feelin’ lazy so i’m reblogging. here’s another post on pool by dr. laura, written from the perspective of a beginning player. below is the link to the actual article.
stay tuned tomorrow for poolSynergy volume 11. should be a fun one.
Lessons Learned from Shooting Pool
by Dr. Laura Schlessinger
January 7, 2010
I thought I’d continue with the theme of new beginnings during the first week of the new year by telling you a “biggie” for me – something I had to learn at a deeper level than just on an intellectual level. I took up the game of pool about a year ago. And like everything I do, I jumped into it “full bore” and with ferocity unmatched by any other living creature. I practiced hours every day in this mad-like rush to conquer this goal as soon as I possibly could.
In general, my enthusiasm and full commitment pay off in learning and conquering new goals, but there are some that actually require a dispassionate approach. That was tough for me. I got thoroughly emotional whenever I missed even one shot! I quit several times out of utter frustration.
Fortunately, I have a great coach/teacher who keeps trying to get me to be quite robotic. He has me do what amounts to a ritual routine with each shot: look at the shot and imagine it happening as I put chalk on the cue tip. Then, put the chalk down and I pretend I’m doing the shot once or twice in the air, then get way down on the table and do practice motions up to the cue ball and then fire.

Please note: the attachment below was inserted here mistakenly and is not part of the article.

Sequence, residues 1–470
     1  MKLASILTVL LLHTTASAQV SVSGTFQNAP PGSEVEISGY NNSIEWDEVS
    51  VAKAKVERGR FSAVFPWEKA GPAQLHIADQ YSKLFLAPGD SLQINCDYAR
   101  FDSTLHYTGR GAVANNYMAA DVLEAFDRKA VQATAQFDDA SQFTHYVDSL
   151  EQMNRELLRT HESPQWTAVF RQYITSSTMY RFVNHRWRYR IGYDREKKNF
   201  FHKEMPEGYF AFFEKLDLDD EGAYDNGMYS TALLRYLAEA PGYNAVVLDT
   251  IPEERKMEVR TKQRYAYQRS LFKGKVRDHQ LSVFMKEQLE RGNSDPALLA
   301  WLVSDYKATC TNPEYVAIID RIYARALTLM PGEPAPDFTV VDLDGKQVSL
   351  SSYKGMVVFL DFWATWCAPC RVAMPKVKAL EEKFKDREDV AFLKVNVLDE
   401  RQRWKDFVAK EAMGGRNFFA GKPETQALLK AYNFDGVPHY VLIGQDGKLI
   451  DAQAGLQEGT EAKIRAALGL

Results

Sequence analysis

Once I am down, no more thinking, moving, judging . . . just faith that my mind and body have this covered.
This took the better part of a year to learn. But it works.
The too easy frustration with myself comes from a most critical father’s constant berating of me, and taking up pool has helped a tremendous amount with getting rid of that knee-jerk response.
I was setting up my weaving loom the other day, and everything was going wrong. The set-up looked seriously trashy. But instead of getting down on myself (like I would have done before), I just smiled, leaned over, cut it all off the loom and threw it away. I walked away feeling quite accomplished! Why? I just accepted that sometimes it doesn’t work – thrown away yarn is not the end of the world – and having the calm to make that decision to come back and loom another day is a big victory!
I hope this story helps you.